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New Drug in COPD Arsenal
August 4, 2014 8:06 AM by Jimmy Thacker

The FDA has approved a new tool for fighting COPD. Olodaterol (Striverdi Respimat) is a once-daily spray made by Boehringer Ingelheim. It is a maintenance drug that will be used to deal with the third leading cause of death among Americans. Olodaterol, a long-acting beta adrenergic agaonist (LABA) helps the muscles in the airways and lungs stay relaxed. Side effects may include a runny nose, bronchitis, cough, upper respiratory tract infection, urinary tract infectino, rash, diarrhea, dizziness, back pain, and other joint pain. "Olo" has not been approved for use in asthmatic patients because of a lack of research for that population thus far. It is not to be used as a rescue medicine.

In my opinion, it is good that we continue to find new ways to fight breathing diseases and conditions. Many of our patients suffer debilitating issues with their breathing, and often some of us can get them back on the right path. Olo may help you in your practice to ease that suffering.

That's just my opinion,
Jim Thacker, MBA, MHA, CRT, AE-C
Windsor, Mo.

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Take Care of Each Other
July 28, 2014 8:27 AM by Jimmy Thacker
We all do it. We get sick or hurt a little and ignore it. We think it will go away in time. There is no reason to seek a doctor's attention. We "tough it out" and get through the day. In the old days, one of the "perks" of working in healthcare is that you could always get some free medical advice or even an examination from the doctor on the side, while he or she was in the hospital. Rules and regulations the way they are now, many doctors are very uncomfortable with doing that service any more. So, like everyone else, we go to the office. We wait. We sit in the room with all the other bugs, the chairs that have not been wiped down with disinfectant, and we see the doctor for our allotted 7 or 8 minute time frame. Only now we are carrying more germs than ever.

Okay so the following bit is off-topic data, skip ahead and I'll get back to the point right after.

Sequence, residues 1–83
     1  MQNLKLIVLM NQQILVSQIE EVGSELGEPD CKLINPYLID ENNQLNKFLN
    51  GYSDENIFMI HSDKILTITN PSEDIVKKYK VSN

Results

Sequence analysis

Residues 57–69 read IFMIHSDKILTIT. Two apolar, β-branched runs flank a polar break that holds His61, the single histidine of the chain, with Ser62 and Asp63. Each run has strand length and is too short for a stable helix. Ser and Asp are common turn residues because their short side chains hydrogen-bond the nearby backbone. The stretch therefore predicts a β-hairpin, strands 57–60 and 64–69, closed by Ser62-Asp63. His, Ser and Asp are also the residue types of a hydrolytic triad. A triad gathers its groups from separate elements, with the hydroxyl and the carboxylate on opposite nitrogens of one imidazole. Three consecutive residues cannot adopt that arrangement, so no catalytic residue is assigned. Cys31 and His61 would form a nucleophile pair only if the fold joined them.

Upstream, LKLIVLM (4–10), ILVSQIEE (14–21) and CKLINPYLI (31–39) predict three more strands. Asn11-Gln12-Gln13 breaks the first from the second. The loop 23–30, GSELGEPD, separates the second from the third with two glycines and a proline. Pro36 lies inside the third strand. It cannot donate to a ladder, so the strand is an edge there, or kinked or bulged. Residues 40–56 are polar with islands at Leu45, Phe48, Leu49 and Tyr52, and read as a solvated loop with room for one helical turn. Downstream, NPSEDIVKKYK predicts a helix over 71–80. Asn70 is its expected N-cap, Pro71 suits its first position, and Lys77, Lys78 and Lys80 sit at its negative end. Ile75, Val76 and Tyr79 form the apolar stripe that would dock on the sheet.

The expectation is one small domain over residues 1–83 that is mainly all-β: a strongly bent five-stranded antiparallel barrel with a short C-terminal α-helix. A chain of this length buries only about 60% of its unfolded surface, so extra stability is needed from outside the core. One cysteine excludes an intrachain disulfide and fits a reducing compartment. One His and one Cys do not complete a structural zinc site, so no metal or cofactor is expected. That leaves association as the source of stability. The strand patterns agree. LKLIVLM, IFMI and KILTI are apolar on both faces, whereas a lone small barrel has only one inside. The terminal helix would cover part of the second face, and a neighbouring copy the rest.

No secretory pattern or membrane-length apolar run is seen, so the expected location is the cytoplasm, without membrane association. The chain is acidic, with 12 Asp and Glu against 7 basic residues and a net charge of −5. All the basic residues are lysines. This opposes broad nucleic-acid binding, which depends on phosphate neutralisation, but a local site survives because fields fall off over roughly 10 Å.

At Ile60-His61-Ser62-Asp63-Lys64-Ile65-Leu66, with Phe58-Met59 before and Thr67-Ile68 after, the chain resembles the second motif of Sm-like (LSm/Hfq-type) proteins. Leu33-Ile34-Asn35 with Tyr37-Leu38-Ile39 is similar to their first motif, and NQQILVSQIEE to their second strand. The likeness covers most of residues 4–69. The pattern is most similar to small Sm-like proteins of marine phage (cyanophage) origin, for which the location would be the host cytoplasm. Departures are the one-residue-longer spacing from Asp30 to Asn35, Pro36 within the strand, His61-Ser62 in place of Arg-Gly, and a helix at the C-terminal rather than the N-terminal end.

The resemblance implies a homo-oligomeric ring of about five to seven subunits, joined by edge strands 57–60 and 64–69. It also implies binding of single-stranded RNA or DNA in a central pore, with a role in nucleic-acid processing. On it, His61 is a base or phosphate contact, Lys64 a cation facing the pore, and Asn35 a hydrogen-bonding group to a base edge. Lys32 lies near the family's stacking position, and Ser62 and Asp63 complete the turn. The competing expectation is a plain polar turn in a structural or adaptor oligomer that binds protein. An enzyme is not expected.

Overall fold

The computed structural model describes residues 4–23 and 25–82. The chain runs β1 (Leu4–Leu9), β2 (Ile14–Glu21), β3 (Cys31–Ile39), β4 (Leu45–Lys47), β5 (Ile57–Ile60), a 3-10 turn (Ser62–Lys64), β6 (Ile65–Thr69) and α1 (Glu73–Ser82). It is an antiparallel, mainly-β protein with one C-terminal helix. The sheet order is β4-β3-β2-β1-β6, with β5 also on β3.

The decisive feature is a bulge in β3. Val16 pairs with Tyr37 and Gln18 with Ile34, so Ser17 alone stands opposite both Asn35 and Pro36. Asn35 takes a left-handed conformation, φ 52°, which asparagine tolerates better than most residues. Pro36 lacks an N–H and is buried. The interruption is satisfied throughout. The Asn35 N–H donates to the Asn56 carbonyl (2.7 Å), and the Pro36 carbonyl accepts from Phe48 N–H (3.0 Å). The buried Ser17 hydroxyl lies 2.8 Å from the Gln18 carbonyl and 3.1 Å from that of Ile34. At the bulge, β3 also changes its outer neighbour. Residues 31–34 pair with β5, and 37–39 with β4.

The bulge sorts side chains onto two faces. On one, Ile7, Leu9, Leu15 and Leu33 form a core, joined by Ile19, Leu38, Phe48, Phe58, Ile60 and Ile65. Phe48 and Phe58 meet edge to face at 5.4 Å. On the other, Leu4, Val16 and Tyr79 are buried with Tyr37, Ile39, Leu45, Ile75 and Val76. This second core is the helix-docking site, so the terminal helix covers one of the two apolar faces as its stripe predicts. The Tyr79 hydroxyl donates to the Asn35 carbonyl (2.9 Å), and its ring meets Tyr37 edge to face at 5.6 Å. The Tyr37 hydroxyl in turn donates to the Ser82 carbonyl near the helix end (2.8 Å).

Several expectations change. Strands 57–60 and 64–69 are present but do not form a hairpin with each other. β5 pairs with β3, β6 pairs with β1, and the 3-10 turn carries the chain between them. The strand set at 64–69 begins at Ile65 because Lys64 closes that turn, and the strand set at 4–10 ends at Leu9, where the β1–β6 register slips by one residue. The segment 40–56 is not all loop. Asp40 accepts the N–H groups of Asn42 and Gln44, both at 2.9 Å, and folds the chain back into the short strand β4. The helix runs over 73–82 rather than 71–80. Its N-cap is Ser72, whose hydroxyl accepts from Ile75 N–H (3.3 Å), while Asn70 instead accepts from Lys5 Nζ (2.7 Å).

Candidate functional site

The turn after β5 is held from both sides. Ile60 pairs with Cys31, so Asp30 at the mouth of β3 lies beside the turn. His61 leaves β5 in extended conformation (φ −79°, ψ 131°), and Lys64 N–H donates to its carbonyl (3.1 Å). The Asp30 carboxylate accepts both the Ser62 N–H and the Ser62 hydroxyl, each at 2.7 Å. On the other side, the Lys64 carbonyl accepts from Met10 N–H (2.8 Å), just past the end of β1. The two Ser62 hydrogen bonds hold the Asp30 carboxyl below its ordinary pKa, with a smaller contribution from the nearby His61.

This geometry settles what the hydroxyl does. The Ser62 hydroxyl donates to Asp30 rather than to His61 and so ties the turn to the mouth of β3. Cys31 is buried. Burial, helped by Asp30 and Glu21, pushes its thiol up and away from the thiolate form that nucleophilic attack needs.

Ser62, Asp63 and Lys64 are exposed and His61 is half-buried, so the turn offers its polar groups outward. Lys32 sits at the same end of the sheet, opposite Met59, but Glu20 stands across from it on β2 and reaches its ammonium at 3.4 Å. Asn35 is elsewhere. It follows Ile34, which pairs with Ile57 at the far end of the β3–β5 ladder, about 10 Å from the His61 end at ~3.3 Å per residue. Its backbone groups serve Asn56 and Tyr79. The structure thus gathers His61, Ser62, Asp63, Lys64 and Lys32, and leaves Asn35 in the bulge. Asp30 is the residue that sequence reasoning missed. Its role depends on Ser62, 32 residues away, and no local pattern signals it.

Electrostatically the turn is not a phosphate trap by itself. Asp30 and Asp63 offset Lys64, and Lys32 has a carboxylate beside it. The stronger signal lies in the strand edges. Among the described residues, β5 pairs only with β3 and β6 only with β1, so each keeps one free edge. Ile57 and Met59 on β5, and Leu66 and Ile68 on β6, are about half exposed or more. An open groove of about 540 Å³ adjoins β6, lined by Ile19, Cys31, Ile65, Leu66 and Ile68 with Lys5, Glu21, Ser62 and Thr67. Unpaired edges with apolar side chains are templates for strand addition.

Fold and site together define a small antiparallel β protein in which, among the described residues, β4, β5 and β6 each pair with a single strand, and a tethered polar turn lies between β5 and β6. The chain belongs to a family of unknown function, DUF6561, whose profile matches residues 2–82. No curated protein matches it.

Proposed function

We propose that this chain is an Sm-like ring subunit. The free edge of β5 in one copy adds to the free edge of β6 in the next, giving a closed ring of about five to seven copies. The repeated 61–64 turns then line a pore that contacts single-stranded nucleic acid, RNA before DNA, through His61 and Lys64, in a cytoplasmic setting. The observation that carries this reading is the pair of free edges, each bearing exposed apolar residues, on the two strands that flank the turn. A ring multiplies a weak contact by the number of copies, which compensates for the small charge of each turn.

Rules and regulations have purpose, but so does common sense and professional courtesy. It takes a lot to keep our healthcare force healthy. We get exposed to everything everyday. Bodily fluids are not the exception; they are the rule. Infectious disease is not the aberrant threat, it is the only constant we have when we work. We have to take care of ourselves and each other. Honest evaluation and caring about our co-workers is how we prevent sickness among ourselves. Along with washing hands, eating right, getting exercise, and brushing our teeth, we need to include self-checks and checks on our colleagues. In many cases, early detection is a start to ending whatever we are getting, and we may not be objective enough ourselves to admit that something is going on. That is why we have each other.